data entry is mind-numbingly boring. call centres pay quite well, i think. you could work for a tele-research company, so you don't cold-call people, just check up on people who've already agreed to take part in studies.
posted by cardamine at 9:31 AM on February 19, 2007

Proofreading or copy editing? It will satisfy your control freak impulses and may tire your brain but at the end of the day you'll be energized to be around people rather than staring at paper or computer screens.
posted by kmel at 9:51 AM on February 19, 2007

Have you considered long-term temp work? I worked temporary clerical jobs by choice about 2.5-3 years out of the last 12, and in the process did just about every kind of lower-level office work under the sun (in addition to one memorable evening spent administering surveys about pickup trucks at an indoor rodeo, but oh, that's another answer entirely).

I'm not sure how the market is in the UK, in the US I was able to work quite steadily without ever staying any one place more than 3 months (I asked for this as a condition of my assignments, no long term and nobody seeking temp-perm potentials). If you're the kind of person who settles in and acclimates quite easily, but grow quickly bored with the repetitive details and start restlessly digging for challenges, it might be a good fit. The constant change in environments and tasks kept my mind fairly well occupied, but the short terms of the commitment kept me relatively disengaged from politics and opportunities within a given job. I also had a chance to try out a whole bunch of jobs and industries.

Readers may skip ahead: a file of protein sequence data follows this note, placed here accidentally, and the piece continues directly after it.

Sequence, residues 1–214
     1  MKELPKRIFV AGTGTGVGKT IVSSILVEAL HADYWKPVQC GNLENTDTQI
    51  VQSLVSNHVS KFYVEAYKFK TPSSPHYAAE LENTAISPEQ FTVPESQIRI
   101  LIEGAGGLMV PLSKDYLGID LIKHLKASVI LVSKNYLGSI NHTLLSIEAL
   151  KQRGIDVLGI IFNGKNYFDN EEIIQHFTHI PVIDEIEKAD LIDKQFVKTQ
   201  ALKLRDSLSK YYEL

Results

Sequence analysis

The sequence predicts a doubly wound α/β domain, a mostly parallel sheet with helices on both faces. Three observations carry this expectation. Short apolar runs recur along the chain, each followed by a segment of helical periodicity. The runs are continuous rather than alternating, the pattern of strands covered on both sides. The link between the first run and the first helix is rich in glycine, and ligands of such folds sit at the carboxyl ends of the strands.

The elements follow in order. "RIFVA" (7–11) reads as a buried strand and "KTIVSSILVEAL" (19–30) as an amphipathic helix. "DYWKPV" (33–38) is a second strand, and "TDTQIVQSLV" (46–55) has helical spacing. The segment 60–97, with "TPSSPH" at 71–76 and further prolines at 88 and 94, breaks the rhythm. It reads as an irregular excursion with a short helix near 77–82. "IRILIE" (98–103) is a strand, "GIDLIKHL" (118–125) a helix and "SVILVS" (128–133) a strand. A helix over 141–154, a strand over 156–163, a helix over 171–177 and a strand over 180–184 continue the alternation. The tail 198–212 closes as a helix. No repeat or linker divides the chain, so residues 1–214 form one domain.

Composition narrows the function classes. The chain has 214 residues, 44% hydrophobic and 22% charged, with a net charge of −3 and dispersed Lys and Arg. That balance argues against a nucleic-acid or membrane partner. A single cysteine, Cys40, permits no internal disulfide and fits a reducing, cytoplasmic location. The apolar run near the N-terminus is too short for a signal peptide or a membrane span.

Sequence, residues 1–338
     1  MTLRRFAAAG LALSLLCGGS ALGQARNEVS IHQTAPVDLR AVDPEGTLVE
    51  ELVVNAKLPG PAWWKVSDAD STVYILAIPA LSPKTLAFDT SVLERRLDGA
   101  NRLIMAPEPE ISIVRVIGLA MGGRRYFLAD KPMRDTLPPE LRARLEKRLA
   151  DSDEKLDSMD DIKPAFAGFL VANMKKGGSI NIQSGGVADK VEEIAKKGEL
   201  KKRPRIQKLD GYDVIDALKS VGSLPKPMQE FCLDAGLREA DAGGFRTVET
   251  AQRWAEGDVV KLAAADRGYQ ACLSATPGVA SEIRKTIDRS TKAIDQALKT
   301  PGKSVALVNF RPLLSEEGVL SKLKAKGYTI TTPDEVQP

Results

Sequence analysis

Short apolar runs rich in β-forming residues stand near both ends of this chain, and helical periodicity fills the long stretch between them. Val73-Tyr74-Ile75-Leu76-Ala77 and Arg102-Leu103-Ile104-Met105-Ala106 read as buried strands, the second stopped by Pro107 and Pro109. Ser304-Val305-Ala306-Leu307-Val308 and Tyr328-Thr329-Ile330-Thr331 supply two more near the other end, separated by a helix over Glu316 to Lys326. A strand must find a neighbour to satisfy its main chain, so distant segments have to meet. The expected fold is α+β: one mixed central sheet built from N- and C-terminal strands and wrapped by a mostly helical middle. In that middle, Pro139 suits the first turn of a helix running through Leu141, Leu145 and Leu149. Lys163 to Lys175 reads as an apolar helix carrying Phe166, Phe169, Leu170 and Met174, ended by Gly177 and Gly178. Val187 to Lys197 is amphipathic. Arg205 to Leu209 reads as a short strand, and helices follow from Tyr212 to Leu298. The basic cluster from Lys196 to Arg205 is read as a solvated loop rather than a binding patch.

Working a busy reception desk can keep you well occupied without offering much in the way of tempting opportunity. Likewise, customer service type call centers are always hiring and the work is about as rote as it gets, though you have to be able to tolerate that you'll be put in the situation of being unable to do anything for someone who's quite upset about the fact on a regular basis. Truly mindless busywork can pay modestly well (document coding and scanning - i.e. prepping hard copy for digitization - assembling mail, and factory QC come to mind) but in the end, I always found them too empty of engagement to sustain me. It is hard to just sit there and think while your hands and a tenth of a percent of your brain takes care of business.